Part of the full team kit for a henro is the pilgrim staff (kongozue). The staff is supposed to be the embodiment of Kobo Daishi, the Japanese saint who originated the pilgrimage. Often along the pilgrimage, you see signs that say that you do not walk alone — that Kobo Daishi is walking with you. The staff helps remind you of this. In days of yore, if you died along the henro trail, the staff would be interred right there, and the staff would be used as your grave marker. So it’s also a reminder of the impermanence of your existence, too.
I got my staff at Temple 1, and I got a pretty standard model. No fancy sutras running down the side, but with a satin-like handle cover, and a bell.
This staff became wasurimono, a forgotten thing, at Kannoura railway station, when we ran for a train. This is the fate of many staffs, and you’ll see a bin of them at every temple, patiently waiting for their owners to pick them up again. Fat chance.
I then had many miles without the staff. The staff is useful on trails, but just one more thing to carry on paved roads. And the bell did not help me with mindfulness, its supposed task. I guess you could say it helped if I wanted to focus on annoyance, but really, that’s not my first choice. Since we were doing a lot of pavement walking, and the unpaved sections were neither long nor steep, not having the staff was fine.
At some point in Ehime province, we were walking up some steep mountain road, and we made a stop at a rest hut. At this hut, jammed in its garbage bin, was a staff. I pulled it out, like the sword from the stone. This staff was not a forgotten staff. It was clearly a discard. I felt I could claim it. The new staff was just like the old one, except it didn’t have a bell. Perfect.
Truth be told, neither staff was made for a walking pilgrim. On both models, the handle cover’s underlying “padding”, just corrugated cardboard, was useless. The satin cover’s gold Sanskrit lettering was rough enough to cause a blister if one weren’t careful.
Eventually, with the new staff, I took off the satin cover and ripped off the stupid, flattened cardboard, and bought from the ¥100 store a soft striped pastel knit mug insulator. I put this under the satin cover, and secured it with the string. Then, when I was carrying the staff like a pencil (as opposed to the ice pick grip), rather than let the satin cover slide through my hand, I could have the soft stretchy fabric do the sliding.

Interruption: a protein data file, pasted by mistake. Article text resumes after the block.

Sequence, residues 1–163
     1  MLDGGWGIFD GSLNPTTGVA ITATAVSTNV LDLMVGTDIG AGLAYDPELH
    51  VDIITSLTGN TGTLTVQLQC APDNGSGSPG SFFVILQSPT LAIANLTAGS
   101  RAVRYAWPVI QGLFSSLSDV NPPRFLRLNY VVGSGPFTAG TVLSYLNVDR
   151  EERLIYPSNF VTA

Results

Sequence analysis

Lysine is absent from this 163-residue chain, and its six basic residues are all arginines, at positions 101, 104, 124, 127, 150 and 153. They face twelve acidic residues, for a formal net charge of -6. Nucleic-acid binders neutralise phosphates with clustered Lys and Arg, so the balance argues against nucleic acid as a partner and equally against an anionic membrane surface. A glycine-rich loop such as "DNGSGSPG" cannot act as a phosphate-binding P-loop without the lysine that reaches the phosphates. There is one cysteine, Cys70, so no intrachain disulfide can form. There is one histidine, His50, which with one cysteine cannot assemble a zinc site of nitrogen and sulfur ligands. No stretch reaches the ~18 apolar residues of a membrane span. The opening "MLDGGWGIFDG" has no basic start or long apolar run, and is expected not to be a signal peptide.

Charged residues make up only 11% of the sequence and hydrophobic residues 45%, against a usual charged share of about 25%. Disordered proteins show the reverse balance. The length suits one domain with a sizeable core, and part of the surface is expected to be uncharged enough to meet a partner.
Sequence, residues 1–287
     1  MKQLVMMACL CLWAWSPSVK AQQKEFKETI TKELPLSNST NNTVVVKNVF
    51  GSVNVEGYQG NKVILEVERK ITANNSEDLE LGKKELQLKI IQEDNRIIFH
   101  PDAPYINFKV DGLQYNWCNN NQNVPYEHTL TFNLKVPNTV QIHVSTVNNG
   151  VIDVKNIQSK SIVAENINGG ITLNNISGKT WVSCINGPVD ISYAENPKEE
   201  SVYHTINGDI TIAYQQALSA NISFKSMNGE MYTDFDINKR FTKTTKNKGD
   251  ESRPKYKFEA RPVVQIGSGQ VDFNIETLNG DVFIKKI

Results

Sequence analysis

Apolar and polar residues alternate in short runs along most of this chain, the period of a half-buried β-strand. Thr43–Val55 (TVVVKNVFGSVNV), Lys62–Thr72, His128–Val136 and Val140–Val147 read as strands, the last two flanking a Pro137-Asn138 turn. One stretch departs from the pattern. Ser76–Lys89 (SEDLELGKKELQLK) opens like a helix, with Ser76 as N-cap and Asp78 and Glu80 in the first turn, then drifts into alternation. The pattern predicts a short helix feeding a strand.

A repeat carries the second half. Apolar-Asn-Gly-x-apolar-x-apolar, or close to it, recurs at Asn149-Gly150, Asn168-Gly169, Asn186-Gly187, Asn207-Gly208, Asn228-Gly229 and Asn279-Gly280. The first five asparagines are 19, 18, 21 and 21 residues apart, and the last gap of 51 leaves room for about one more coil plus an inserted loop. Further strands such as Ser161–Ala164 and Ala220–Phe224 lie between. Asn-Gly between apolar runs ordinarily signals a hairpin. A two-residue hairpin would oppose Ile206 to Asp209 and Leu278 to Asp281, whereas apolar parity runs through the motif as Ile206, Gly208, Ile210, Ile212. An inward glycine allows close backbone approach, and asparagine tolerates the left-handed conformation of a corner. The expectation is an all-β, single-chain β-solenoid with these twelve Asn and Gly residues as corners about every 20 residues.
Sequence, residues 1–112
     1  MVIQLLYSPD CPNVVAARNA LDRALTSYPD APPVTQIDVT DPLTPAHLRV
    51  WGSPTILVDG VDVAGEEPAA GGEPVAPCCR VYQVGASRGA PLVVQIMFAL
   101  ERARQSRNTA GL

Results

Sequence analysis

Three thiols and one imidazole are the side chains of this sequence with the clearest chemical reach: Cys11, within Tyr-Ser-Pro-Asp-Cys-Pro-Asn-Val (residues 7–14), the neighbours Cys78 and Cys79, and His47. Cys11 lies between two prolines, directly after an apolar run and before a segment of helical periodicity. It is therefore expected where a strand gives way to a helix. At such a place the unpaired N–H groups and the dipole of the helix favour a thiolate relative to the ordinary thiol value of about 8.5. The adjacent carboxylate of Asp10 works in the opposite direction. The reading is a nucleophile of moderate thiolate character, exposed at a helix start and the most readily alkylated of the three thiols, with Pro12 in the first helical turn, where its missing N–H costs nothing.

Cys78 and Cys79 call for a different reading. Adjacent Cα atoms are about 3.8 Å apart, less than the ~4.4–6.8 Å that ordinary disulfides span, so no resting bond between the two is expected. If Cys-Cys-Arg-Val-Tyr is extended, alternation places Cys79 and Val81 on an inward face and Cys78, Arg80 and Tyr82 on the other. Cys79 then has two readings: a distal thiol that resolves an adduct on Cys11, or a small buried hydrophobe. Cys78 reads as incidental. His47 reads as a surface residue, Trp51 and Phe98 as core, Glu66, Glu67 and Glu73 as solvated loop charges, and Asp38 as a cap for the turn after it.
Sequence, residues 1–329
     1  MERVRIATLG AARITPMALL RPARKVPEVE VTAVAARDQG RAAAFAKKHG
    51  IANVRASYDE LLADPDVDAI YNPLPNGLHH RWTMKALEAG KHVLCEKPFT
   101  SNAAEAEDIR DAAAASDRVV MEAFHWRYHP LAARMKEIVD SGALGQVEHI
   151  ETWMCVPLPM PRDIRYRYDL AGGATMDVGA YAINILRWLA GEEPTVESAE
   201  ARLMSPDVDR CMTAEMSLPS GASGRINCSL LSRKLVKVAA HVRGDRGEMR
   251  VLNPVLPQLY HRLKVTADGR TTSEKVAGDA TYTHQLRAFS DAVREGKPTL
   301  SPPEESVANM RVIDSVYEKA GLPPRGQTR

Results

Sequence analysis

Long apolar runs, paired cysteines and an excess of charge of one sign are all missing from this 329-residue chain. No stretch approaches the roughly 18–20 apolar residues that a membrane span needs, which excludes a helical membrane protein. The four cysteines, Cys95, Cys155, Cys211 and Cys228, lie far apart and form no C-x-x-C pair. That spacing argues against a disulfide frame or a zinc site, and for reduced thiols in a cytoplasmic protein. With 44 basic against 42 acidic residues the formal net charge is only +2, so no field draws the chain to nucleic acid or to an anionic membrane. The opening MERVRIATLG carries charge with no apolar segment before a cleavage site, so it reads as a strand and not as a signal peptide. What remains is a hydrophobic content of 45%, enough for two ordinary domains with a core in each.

Maybe I haven’t described this well, but the details don’t matter. The important thing was that the staff was now more functional and comfortable. I put a bicycle store reflector tape on it to provide greater safety in low light conditions, such as walking through tunnels.
Then, for my mindfulness practice, instead of that wretched bell…I did my best to use the staff with my left hand. Oh boy. A book I read recommended switching off hands to avoid stress injuries and keep wear and tear on the body balanced. But it’s also an incredible mindfulness practice. If I tried pretty much to only have it in my left hand, it would wind up there maybe half the time, at best.
A staff in the right hand is like dwelling in everyday ego-mind consciousness. It’s the groove you fall into. It’s where you go when there’s an immediate crisis: staff into right hand to navigate this slippery rock, without consciously deciding that.
It takes effort, remembering, to put the staff in the non-dominant hand. At first, it’s unnatural. Then, the more you do it, the easier it is. You remember to transfer the staff back more often. When it’s in the left hand, it feels less strange, more…normal, even.
So it is with a mindfulness practice. At first it’s hard to remember. You’re always sliding back into monkey-mind and story telling. But the more you practice, the easier it is. If you try to be there 100% of the time, if you’re lucky, you manage 20%, maybe eventually 50% of the time. In a crisis, it’s very easy to grab with the dominant hand, go straight into ego mind. But if you’ve practiced switching out, you are overall stronger, overall less prone to stress injury.